The biopsy was on a Friday and Monday morning at 9:15, my phone rang with that hospital phone number every survivor knows well. The woman got straight to the point, it was cancer. A nurse navigator would be in touch within the hour with next steps.


I wasn’t shocked but when I had to say it out loud, I welled up. All I could think was…how far has this gone? I did not come this far to only come this far…PLEASE do not let it have spread. 

I think I got a rookie nurse navigator. 

She certainly was NOT prepared for me. The first available appointment was in ten days. 

On May 24. 

The day that would have been my seven-year anniversary of being cancer free. 

I cracked a joke about it and she wasn’t quite sure what to do with the information. “Ummm…do you want to come another day???”

No, no, I want to get there, like NOW, not another day.

I got home and, of course, started stewing. I have to wait TEN days to do anything?

I called the nurse navigator team back and told them I wanted to get my MRI done before my appointment with the surgeon. I needed to know ASAP how involved this situation was and that was going to be important information anyway when it came to a plan of action. 

They did not LOVE that but the surgeon agreed and it was ordered. 

Thankfully, this time around was also an early catch – stage 1A. There was only the one tumor and it was small. Plan of action would be surgery. After that, they would type the tumor to determine if I needed chemo or not, but I would definitely do 6 weeks of radiation and then get started on hormone therapy.

I had surgery on June 5 and they got clean margins – byyyyyeee tumor…

They typed the tumor and my medical oncologist determined there would be no additional benefit to chemo. 

So now I have had breast cancer TWICE before the age of 40 and did not have to do chemo either time. 

I credit my family for that. 

Their consistent commitment to advocating for yourself and prioritizing your health was so deeply ingrained in me that I never stopped pushing. I was able to get access to early screening measures and find these things early.

And let me be clear, I recognize what an incredible privilege that is to have. Most cases of breast cancer are not someone with a family history. There is nothing most people can do to gain access to earlier screening because there is no reason to suspect they would benefit from it.

I finished radiation on September 14. 

Three weeks ago, I started hormone therapy.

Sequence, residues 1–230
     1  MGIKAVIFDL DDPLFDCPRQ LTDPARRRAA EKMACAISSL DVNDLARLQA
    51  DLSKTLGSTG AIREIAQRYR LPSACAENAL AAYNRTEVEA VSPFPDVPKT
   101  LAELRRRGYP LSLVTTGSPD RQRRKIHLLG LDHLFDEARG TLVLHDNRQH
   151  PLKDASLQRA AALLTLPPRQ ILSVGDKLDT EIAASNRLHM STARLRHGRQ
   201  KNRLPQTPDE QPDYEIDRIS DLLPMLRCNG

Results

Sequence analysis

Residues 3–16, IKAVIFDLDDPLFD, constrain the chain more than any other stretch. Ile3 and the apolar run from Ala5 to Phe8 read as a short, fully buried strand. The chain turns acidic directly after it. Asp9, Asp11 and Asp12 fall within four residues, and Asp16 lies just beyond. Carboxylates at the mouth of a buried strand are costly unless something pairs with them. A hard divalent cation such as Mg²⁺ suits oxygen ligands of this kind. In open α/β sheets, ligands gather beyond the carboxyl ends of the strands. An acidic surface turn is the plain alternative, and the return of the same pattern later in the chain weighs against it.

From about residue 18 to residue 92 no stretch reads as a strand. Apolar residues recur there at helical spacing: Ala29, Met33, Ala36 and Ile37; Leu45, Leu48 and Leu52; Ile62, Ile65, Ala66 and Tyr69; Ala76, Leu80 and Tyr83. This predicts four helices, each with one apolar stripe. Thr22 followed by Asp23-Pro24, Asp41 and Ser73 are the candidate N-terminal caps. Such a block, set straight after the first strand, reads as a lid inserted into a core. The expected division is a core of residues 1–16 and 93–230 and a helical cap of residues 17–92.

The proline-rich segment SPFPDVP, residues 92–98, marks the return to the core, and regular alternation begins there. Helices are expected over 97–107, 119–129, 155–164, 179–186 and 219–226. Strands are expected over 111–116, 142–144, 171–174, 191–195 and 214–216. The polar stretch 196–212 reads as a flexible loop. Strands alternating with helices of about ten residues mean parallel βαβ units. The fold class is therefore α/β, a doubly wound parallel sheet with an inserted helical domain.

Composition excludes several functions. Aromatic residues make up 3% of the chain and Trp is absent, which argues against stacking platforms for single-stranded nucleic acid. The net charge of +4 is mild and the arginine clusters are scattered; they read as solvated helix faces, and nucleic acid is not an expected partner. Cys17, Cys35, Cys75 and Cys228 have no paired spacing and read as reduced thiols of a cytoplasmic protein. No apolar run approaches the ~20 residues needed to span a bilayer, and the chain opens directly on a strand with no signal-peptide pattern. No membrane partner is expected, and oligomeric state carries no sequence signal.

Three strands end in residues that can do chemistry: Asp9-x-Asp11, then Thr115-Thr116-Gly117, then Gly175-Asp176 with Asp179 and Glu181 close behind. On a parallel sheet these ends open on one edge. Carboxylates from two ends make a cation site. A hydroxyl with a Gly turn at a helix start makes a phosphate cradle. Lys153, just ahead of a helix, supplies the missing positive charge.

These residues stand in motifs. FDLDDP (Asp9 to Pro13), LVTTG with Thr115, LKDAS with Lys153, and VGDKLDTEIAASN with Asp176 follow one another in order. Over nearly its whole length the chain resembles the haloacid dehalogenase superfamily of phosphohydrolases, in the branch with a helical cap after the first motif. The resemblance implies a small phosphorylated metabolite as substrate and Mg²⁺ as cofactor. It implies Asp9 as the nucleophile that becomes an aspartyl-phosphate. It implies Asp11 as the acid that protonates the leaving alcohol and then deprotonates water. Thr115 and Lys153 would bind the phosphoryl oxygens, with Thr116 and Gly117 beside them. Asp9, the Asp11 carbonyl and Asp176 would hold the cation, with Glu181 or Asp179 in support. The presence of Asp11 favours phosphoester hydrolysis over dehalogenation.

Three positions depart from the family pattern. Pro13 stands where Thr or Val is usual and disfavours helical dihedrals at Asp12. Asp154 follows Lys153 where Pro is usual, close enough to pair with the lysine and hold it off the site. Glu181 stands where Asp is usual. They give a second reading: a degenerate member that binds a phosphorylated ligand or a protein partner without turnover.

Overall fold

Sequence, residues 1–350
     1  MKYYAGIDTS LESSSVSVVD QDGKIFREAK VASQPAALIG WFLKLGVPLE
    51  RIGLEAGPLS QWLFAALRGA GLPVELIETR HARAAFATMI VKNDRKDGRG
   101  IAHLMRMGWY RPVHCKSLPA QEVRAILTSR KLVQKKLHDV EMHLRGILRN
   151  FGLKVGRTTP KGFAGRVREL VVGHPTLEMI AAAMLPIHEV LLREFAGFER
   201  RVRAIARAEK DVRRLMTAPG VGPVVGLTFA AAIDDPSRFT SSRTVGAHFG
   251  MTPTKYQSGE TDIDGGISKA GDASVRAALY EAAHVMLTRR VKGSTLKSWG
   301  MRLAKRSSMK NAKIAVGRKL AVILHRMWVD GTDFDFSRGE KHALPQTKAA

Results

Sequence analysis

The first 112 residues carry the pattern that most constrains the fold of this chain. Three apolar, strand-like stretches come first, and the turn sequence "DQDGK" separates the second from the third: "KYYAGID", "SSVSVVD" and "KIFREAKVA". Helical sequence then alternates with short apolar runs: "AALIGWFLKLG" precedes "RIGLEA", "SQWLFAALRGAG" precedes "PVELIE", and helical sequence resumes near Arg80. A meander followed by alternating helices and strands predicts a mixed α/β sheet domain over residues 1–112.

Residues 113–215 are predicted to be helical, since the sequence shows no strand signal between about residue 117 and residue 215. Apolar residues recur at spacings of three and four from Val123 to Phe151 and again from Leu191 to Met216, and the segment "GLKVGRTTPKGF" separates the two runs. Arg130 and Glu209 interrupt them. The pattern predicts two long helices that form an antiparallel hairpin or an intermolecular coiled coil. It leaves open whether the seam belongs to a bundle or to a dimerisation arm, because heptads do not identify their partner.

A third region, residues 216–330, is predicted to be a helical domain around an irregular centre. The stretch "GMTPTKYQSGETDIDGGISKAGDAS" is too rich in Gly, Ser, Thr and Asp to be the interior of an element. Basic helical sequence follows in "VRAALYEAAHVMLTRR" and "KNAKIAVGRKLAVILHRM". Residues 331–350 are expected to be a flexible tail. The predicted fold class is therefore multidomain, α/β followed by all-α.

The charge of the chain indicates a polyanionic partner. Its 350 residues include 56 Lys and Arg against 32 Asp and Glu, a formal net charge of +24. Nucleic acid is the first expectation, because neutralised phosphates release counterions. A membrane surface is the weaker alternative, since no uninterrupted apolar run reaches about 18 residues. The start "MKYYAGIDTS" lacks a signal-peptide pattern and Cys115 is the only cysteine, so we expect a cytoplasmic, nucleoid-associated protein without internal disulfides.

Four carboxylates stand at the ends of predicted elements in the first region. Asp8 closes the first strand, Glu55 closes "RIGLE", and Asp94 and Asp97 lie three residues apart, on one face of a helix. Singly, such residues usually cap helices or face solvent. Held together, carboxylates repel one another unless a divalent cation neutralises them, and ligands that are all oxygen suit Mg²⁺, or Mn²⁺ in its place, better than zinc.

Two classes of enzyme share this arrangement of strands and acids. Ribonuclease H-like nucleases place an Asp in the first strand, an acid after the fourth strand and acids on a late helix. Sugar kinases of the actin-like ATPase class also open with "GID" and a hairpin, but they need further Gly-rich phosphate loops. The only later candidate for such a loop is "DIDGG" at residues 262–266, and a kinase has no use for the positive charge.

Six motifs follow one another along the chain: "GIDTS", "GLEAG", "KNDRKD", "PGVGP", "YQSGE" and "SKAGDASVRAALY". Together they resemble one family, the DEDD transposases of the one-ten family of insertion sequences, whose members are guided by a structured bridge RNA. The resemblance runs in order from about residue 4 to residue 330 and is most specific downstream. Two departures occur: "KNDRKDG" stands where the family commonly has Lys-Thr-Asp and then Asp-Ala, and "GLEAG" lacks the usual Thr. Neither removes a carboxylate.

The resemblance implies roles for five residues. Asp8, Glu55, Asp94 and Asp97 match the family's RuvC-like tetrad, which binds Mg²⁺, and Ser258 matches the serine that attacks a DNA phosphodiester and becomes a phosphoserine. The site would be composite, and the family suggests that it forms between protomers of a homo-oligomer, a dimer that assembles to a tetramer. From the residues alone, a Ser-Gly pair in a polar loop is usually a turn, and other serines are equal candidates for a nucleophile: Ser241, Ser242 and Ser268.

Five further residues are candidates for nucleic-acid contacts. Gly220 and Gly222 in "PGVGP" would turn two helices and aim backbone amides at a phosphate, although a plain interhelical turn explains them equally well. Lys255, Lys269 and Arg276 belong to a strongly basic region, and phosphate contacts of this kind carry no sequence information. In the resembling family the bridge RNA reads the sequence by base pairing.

My first drug is Tamoxifen. 

Aunt Nancy was part of the clinical trials for Tamoxifen.

I will go for my first Lupron injection next week. Catch me afterward if you have any tips I need to know about that.

A few people have had the guts to ask, and I have certainly considered, do I have any regrets on my treatment plan from round 1? 

Do I wish I had done the radiation and hormone therapy in 2016? 

Do I think that would have avoided this second diagnosis?

I have no hesitations when I say, absolutely no regrets. 

Because I wouldn’t have my family.

It’s really THAT simple. 

I would not have been able to have these almost Irish twins who make my life absolutely incredible and terrifying at the same time. 

No doctor would have advised, much less approved, me to take two years off hormone therapy. 

And if I had and the cancer still came back, I would wonder if it was my fault.

I have ZERO regrets. I know this unfolded just as it was meant to unfold. 

For me, it all comes back to those who came before us.

Without Aunt Nancy, and my family’s promise to keep her memory alive, I might not have done the testing. 

I would not have had access to early screenings. I would have started at 40 – which is not until next spring.

Really though… for all of us… it’s about those that came before us. 

The treatments that we have access to, the plans of action, they are all based on previous cases and the experiences of those who came before us.

So it is important to remember, that now WE are the ones who came before the next generation. 

Aunt Nancy is lifting me up in this photo and I am lifting my daughter, Quinn, up in the other photo. 

It is up to us to tell our stories, to invest in causes that will increase opportunities for EVERYONE to know how to advocate for their health and their bodies. It’s why we are here today.

So thank you. 

First of all, for the opportunity to tell my story. 

But, more importantly, for being those that came before my children. 

Together, we might just kick this thing.